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Startup Journal: My Experience Working Satellite for a Tech Company

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For the last 6 weeks, I've had the joy and pain of working satellite from Text Request.

Working satellite is supposed to be a dream of freedom and minimal oversight! While I can’t speak for older companies, working satellite for a startup has blurred the line between work life and personal life more than ever.

That's the dream gif

And it was pretty blurred to begin with.

Life Before Working Satellite

When I joined Text Request, I only submitted to a little blurring. I gave out my personal cell phone number instead of the company extension, because (as a new guy learning sales) I wanted prospects to be able to reach me whenever they wanted.

In every other way, though, I closed up shop at 5. I took no calls from the rest of the team, responded to zero texts, and ignored all Snapchats.

But as I grew closer with others on the team, things changed. Work friendships turned into weekend volleyball and frisbee matches. Those turned into (tame) parties, and co-workers moved more and more into my personal life.

Sure enough, work followed.

Related: Startup Journal: How Should You Spend Your Time?

All of a sudden, taking a call at 9:30pm from someone on the West Coast didn’t seem like such a problem.

Rolling out of bed early Monday morning to satisfy the time-constraints of a particularly early riser seemed natural. And one Sunday evening, I even took a call at midnight from a guy in California!

I wish he had texted me instead (ahem).

Fast forward 10 months, and I’m working satellite in a completely different state.

Life While Working Satellite

“Pick your own hours,” they said. “It’ll be fun,” they said.

Right.

Now, I can’t wait to get back to Chattanooga! Being in a different state (let alone in a different time zone) means that all of my communication with the company is via text, email, and Snapchat.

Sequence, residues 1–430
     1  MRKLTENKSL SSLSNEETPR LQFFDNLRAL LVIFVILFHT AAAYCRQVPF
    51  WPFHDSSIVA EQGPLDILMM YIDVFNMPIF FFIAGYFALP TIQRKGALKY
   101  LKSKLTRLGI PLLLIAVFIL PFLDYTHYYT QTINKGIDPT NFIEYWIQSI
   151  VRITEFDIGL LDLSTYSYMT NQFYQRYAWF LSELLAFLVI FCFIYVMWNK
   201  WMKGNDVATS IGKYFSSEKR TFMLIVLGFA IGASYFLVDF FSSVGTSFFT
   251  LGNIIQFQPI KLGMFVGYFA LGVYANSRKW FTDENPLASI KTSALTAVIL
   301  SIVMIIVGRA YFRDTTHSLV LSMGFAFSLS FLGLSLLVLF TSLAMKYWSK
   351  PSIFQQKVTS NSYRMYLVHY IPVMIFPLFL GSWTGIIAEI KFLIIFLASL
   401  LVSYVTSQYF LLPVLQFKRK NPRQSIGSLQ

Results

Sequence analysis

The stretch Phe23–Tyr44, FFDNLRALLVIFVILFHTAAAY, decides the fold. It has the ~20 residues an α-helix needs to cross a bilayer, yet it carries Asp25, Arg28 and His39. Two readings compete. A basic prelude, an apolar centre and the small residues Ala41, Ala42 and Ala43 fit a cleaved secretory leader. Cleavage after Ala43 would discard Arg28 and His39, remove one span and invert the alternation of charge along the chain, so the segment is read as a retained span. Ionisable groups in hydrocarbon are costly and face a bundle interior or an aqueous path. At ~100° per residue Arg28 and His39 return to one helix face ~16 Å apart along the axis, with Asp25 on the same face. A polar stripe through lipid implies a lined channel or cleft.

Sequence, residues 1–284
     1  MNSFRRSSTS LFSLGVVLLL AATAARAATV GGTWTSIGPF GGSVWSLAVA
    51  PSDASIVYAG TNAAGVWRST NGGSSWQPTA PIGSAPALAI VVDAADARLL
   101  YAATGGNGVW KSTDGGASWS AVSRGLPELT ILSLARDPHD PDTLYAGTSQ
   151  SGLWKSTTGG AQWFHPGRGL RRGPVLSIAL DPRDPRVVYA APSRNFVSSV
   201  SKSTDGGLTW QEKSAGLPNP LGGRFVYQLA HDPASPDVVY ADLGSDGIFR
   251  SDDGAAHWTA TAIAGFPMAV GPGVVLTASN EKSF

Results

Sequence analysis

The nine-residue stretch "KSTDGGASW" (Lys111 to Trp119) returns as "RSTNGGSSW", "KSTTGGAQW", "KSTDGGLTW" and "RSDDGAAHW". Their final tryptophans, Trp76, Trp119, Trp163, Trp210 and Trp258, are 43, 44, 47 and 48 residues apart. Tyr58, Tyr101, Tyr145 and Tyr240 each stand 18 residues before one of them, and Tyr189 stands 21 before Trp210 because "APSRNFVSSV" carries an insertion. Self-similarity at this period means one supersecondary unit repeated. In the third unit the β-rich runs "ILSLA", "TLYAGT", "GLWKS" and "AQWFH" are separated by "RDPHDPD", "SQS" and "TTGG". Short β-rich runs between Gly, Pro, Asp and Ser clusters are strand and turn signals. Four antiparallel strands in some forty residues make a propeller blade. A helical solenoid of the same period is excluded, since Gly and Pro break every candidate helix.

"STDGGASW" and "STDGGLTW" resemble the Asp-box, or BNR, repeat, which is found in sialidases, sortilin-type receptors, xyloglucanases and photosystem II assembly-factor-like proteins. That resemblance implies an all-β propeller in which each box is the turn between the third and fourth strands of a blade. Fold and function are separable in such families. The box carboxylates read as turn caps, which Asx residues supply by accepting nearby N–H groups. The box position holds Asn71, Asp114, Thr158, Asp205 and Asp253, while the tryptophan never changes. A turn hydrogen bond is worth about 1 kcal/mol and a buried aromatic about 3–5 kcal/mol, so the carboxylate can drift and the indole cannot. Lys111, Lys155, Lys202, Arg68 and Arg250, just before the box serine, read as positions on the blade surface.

Die Hard Join a Startup

If something is really serious, I might get a brief phone call. And these communications come in all the time!

I’m usually at the gym when I get the first batch of emails. I schedule my shower and other activities around calls in the morning. And I eat lunch whenever things seem to be off to a great start.

Of course, by that point, the second email batch is rolling in, and client X wants to know how client Y is accomplishing mutual goal Z.

I spend the day bouncing around on other people’s time.

For the most part, though, I roll out of bed checking my emails and trying to figure out how I can bring value. It's usually a mixture of inside sales and account management, just like when I’m home in Chattown.

So, what's the problem?

The problem is, so much of being in a startup is the camaraderie and encouragement from your team to keep going.

When you’re a cool 700 miles away from the team, that fire is tough to duplicate! Which means I have to prioritize scheduling my time in order to achieve comparable results.

Text Request Chattanooga

My attitude in Chatt was simply “do the next thing." In a startup, that’s not a bad attitude to have. As long as “the next thing” fits into the overall plan, you’re good to go!

Everything on that monumental list of necessary tasks has to get done, so you get cracking, put your head down, and just drive for a while.

Given, a lot of that list can be summed up as “increase revenue.” So I had the luxury of knowing that, when in doubt, direct sales was the answer.

Working satellite means I don’t have a tangible list of things to get done unless I plan one myself. I’m not sitting there getting little prompts and reminders to prioritize this or that.

Related: Startup Journal: Is Explosive Growth Really the Goal?

If I don’t pay absolute attention, I get distracted. My thoughts about a sales conversation I just had will rabbit trail to who knows where, even while I’m writing down my notes!

During one of these rabbit trails, I discovered I hadn’t finished taking notes on a call for nearly an hour. Gathering my thoughts led to an email to this person, then a call to that person, and then “what was I doing again exactly?”

All of which brings me to this point.

Would I recommend it?

Being part of a startup takes an emotional commitment that is fueled by physically being in the trenches with your co-workers.

The drive to succeed is contagious. But keeping that drive going alone is like trying to fuel a campfire with nothing but dryer lint. You can start the fire, but it will fizzle out without proper fuel.

I will be returning to Chattanooga in a couple of weeks, and am thoroughly looking forward to it! While working satellite has it’s perks, working with the rest of the team is vastly preferable.

-- Foster Benson, Accounts Manager

Related: Startup Journal: Accepting Failure vs. Expecting Failure